O ne day at snack time, two preschoolers got into a discussion about where milk comes from. "Well, cow milk comes from cows, and rice>"/>
One day at snack time, two preschoolers got into a discussion about where milk comes from. "Well, cow milk comes from cows, and rice milk comes from rice," the astute modern child noted. "But where does soy milk come from?"
The second child didn't even hesitate: "Soy cows!"
Their teacher overheard the exchange, but didn't get out a book or open a Web page to explain soybeans to the kids. Instead, the entire class took a field trip up a flight of stairs to meet a farmer who could explain how soy is grown and turned into a whole variety of products. That kind of thing is especially easy to do at the Pike Market Child Care and Preschool, located one floor below the fish-throwers, vegetable sellers, and craft vendors.
"Just our location in the context of the market is huge, we really are in the heart of the urban core," says Ellen von Wandruszka, the school's executive director for four years. "I think a lot of people don't realize that the market isn't just about flowers and fish, it's about families."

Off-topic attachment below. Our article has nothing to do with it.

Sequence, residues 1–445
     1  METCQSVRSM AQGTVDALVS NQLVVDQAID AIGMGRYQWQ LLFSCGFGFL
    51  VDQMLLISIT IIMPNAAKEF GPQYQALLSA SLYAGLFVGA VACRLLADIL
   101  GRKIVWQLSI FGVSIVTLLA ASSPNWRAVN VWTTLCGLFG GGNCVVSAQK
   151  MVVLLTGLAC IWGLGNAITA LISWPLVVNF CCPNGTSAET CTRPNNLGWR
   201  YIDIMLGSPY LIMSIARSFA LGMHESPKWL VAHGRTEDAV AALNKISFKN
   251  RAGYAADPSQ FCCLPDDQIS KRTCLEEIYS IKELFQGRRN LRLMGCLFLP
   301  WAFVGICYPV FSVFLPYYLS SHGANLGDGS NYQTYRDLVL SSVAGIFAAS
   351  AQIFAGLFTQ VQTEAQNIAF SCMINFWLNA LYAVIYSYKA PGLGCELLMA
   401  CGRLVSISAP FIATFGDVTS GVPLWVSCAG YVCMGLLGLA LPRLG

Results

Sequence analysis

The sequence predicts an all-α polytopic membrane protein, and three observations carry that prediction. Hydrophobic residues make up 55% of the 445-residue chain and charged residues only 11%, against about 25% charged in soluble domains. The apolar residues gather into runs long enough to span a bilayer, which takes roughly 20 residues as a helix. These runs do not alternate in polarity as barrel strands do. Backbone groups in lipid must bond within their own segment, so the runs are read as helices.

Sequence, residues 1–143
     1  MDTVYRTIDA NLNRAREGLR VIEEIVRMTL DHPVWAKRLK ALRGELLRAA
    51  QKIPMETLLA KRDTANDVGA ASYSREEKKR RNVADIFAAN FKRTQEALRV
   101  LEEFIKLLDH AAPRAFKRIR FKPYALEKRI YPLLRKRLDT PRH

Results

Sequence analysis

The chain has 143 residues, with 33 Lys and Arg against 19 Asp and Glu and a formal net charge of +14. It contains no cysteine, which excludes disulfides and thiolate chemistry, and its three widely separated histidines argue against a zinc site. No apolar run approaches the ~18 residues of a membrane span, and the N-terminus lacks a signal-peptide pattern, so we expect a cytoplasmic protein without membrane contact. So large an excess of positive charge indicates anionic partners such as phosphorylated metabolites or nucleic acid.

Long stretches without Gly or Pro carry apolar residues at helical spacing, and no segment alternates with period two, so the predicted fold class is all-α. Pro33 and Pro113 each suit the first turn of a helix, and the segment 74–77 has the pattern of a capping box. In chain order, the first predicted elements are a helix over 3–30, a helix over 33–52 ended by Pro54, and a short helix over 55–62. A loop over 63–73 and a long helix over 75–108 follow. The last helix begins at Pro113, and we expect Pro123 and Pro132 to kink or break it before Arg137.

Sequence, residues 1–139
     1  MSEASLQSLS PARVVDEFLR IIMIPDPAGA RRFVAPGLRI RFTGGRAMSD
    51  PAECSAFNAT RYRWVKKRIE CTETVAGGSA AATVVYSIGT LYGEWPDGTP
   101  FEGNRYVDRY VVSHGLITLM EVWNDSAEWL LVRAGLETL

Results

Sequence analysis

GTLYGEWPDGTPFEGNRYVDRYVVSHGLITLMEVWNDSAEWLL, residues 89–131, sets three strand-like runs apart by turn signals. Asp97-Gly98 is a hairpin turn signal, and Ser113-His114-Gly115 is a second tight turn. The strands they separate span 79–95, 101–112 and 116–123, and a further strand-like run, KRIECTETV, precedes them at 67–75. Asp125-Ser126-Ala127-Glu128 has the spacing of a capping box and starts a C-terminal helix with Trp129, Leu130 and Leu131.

The school opened 27 years ago, and has a distinctly progressive vibe. Some of the kids have two dads or single moms. A collection of books in the office is separated by categories like "Identity" and "Multi-cultural." Posters on the wall of the administrative offices list anti-bias goals. The classes are looped, meaning that once kids start at 18 months, they stay with the same teacher until they are sent off to kindergarten. The goal, says von Wandruszka, is to prepare kids with the basics as well as to inspire confidence and risk-takingâ€"something von Wandruszka says was lacking when she taught in area schools.
Normally, says von Wandruszka, "If you're a single mom making $1,200 a month, you're forced to put your kids in substandard care." But Market Child Care accepts people through a state program that requires only $15 a month. (Higher-income families pay as much as $1,300 a month.) Other families receive various degrees of support from the Market Foundation, the school's biggest backer. The result is both economic and ethnic diversity. About half the families at the school receive some kind of assistance, and more than half the kids are nonwhite.
Now the school is trying to expand. Thanks to the levy passed last year, the Market is getting a major face-lift. Von Wandruszka is hoping to raise $2 million to move down to a newly remodeled floor and add infant care.â€"Laura Onstot